The ongoing issue with food labelling

31st December 2013 - Fine Cut
The ongoing issue with food labelling

The last 12 months have been a time of great advancement for countries around the world, as international economies begin to improve after several years of uncertainty.

As industry and trade continue on a path of growth following a difficult time, the need for strong and blossoming relationships between international markets was stronger than ever before.

However, one issue has divided opinion between governments across the European Union in particularly - the subject of food labelling.

The issue 

While some countries - including the UK - hoped to give consumers the chance to make more informed decisions about the food they buy during their weekly shop, others have reacted angrily to potential changes in the way foods are labelled.

Italy in particular has threatened Britain's new traffic light labelling system with diplomatic repercussions, claiming that its most popular exports - such as Parmesan cheese, salami, prosciutto ham and olive oil - will be considered high risk foods under the scheme.

The traffic light initiative, which was launched in British supermarkets in June, sees items marked with a green, amber or red light depending on their fat content. It is hoped to warn consumers off eating too much fatty food as obesity rates rise quickly.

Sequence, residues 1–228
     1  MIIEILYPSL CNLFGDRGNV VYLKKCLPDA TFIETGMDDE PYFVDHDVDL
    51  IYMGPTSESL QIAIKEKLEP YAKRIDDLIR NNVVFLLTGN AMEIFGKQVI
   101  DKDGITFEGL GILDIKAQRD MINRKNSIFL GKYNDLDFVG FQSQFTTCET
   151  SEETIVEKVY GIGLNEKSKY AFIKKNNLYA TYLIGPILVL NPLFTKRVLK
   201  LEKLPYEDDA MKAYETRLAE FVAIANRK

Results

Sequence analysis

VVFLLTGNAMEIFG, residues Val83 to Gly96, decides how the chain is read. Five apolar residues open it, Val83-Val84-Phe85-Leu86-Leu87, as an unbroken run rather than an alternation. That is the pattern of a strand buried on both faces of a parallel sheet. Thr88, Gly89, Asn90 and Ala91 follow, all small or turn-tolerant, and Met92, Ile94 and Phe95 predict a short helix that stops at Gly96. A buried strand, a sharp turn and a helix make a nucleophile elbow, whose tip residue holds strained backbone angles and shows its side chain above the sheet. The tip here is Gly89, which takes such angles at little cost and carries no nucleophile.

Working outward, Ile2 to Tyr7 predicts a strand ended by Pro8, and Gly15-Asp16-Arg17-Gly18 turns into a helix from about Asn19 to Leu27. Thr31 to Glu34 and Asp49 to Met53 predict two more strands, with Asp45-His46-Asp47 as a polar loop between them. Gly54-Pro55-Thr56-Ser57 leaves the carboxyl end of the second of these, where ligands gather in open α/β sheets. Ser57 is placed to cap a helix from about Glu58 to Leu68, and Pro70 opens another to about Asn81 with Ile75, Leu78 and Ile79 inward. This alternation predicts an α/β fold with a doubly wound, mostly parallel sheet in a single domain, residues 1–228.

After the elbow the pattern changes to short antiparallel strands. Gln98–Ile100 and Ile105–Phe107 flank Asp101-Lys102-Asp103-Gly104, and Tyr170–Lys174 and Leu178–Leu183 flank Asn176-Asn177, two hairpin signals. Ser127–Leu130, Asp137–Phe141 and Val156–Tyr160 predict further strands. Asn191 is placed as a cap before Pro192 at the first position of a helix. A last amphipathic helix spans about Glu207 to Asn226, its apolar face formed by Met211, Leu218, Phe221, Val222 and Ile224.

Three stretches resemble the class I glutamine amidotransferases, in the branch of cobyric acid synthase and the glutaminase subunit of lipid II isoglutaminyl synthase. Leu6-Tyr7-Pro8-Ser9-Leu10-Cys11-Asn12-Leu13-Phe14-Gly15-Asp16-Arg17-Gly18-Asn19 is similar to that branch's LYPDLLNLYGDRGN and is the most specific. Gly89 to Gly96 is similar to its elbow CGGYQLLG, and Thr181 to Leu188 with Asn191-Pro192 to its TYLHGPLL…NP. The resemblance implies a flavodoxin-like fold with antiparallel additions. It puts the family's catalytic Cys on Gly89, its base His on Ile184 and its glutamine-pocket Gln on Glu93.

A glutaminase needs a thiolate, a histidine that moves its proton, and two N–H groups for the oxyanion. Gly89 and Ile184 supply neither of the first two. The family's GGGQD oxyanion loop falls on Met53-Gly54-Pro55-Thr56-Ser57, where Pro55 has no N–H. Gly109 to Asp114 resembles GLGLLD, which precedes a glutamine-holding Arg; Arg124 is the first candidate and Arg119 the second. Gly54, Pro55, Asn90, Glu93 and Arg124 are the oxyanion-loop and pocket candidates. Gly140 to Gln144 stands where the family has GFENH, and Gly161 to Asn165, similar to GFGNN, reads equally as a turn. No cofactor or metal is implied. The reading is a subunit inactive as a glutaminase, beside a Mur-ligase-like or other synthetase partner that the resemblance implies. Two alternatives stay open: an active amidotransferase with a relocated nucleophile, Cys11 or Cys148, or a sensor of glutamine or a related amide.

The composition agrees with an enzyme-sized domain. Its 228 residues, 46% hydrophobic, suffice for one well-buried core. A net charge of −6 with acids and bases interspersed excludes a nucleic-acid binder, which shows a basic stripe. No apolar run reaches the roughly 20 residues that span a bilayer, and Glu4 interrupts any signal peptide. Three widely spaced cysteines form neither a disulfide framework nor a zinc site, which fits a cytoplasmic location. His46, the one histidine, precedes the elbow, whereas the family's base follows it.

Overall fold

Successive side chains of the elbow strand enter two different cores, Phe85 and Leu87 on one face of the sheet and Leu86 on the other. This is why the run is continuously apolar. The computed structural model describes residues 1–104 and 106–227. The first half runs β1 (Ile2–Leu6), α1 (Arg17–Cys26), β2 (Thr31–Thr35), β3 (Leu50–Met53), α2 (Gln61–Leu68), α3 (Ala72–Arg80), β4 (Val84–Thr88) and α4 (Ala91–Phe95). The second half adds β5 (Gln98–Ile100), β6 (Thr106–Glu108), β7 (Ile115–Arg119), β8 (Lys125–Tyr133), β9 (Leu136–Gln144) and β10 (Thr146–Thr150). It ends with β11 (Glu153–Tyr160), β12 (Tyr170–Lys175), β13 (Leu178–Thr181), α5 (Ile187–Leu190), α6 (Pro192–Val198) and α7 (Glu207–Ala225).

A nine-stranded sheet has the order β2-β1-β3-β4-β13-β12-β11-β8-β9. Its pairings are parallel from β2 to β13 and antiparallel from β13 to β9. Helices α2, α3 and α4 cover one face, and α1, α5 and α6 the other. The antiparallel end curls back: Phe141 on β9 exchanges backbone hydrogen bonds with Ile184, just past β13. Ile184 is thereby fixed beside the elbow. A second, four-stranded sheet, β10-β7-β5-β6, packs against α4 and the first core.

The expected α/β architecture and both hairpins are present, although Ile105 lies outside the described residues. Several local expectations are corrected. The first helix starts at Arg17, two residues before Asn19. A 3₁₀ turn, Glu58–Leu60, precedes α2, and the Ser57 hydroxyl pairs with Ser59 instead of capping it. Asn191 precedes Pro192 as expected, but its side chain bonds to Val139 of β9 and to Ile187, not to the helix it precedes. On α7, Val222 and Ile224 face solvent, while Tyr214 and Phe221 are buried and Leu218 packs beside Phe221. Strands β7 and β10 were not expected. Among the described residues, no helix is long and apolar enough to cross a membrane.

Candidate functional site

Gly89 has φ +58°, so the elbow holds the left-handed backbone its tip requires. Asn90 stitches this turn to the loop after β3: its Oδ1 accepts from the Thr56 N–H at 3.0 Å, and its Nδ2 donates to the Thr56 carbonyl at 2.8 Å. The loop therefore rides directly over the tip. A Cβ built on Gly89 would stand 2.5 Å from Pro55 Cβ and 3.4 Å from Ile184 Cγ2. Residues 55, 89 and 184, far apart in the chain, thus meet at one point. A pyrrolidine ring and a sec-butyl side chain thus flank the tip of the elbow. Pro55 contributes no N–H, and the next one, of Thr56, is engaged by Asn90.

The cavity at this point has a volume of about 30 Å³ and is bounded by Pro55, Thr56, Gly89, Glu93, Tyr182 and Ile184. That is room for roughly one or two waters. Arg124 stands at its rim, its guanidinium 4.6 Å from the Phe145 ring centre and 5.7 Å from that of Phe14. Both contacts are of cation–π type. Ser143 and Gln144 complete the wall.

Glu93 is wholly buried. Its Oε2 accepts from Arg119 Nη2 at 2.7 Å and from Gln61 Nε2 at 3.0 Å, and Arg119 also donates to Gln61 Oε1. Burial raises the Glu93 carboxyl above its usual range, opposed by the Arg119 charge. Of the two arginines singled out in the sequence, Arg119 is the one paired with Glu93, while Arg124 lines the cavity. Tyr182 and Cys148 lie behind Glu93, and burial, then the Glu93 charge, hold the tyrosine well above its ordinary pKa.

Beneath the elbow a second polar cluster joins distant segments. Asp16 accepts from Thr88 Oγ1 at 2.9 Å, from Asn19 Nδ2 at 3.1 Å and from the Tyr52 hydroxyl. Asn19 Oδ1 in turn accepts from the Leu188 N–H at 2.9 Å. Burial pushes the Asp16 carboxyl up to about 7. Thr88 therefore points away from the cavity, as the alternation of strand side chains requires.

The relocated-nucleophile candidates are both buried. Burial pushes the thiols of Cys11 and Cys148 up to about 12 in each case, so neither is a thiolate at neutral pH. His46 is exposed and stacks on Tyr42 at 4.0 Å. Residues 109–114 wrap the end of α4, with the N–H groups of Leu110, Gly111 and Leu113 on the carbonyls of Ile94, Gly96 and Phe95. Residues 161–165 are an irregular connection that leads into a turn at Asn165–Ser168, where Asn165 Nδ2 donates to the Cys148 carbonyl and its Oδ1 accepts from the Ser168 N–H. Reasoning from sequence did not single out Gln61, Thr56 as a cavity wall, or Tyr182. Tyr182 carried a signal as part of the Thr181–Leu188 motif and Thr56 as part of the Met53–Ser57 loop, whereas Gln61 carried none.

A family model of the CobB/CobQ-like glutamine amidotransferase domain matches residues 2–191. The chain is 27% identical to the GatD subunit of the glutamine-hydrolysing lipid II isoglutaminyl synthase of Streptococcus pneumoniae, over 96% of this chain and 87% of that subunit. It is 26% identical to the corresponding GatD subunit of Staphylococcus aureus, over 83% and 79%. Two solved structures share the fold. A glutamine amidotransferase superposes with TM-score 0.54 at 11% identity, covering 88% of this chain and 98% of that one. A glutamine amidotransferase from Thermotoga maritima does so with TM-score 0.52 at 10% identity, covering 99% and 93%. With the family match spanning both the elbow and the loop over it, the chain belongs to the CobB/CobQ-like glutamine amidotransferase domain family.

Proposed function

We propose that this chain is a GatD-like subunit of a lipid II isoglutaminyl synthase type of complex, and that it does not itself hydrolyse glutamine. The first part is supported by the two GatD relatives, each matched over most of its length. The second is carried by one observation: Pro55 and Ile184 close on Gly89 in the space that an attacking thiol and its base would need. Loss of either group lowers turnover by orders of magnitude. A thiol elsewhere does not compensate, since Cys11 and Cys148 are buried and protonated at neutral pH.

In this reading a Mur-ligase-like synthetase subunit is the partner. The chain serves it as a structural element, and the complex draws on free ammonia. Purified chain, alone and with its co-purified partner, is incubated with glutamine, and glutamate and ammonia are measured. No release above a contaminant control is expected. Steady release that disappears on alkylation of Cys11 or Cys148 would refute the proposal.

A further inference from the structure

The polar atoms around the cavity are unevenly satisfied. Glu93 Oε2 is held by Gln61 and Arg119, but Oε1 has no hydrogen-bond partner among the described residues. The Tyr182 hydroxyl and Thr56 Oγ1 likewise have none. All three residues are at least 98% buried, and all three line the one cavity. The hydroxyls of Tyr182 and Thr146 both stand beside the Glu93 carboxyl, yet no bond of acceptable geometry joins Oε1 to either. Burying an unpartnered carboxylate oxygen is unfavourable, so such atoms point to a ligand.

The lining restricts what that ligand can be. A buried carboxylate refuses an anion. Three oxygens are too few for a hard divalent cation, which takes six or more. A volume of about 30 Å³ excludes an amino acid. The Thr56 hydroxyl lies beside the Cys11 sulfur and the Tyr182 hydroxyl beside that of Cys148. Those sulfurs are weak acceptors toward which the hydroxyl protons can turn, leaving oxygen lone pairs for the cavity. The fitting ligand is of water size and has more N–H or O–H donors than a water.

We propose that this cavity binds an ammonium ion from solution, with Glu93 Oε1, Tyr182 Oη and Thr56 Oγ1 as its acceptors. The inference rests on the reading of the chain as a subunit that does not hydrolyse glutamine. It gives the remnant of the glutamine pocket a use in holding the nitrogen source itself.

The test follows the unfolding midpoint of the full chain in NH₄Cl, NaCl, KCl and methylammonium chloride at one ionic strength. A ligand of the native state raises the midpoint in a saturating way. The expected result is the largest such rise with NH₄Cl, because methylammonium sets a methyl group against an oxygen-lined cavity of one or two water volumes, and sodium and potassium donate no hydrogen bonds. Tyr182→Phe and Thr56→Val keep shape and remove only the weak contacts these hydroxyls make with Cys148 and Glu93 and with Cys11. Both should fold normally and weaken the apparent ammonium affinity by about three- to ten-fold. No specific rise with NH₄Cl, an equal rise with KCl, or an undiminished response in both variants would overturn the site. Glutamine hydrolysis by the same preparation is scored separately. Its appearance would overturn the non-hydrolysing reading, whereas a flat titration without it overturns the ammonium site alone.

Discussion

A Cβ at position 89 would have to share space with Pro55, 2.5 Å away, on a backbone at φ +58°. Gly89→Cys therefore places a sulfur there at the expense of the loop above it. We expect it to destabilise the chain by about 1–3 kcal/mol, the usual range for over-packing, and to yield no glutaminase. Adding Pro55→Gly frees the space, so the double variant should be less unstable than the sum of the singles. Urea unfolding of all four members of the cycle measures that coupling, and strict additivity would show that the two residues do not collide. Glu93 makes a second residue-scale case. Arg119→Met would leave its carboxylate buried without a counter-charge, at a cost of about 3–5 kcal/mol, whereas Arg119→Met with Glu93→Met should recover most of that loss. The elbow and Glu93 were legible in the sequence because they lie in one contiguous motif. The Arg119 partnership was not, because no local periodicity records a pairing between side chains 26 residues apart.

Nunzia de Girolamo, Italian agriculture minister, took her complaint about the food labelling scheme to an EU meeting of farming ministers earlier this month.

"When Italy uses a strong tone and a strong arguments it gets results," she explained, adding: "We won't stand by and watch, inert, while the tradition and the work of thousands of Italians risks being damaged by commercial manoeuvres we see as unjustified and thoughtless."

Confusing matters

Although labelling for nutritional purposes has become a major issue affecting the food manufacture industry in the last 12 months, meat producers have also been embroiled in a dispute over how detailed new country-of-origin identification should be.

Two leading farming organisation claimed new rules would bring "massive confusion" for shoppers looking to buy British-produced meat.

The National Pig Association and the National Farmers Union (NFU) have expressed concern that labels could give the impression that a product was reared in the UK when the animal was in fact born in another country.

Meurig Raymond, NFU deputy president, said: "Since 2010, in the country of origin industry voluntary guidelines, retailers and processors have been following good practice of origin labelling and any deviation from this undermines consumer trust and the integrity of British farmers.

"We hope they will continue to support consumer transparency and uphold the integrity of the UK and British brands."

Disruption to trade

What's more, some experts have suggested that revolutionising the way foods are labelled in supermarkets and retailers across the European Union could cause more friction between member states than cooperation.

Senior meat industry figures Jean-Luc Meriaux - secretary general of the European Livestock and Meat Trading Union - and Detlef Stachetzki - manager at the German meat industry federation - said plans to overhaul the identification of meat products could potentially work against the EU's aim of bringing together countries in a single market.

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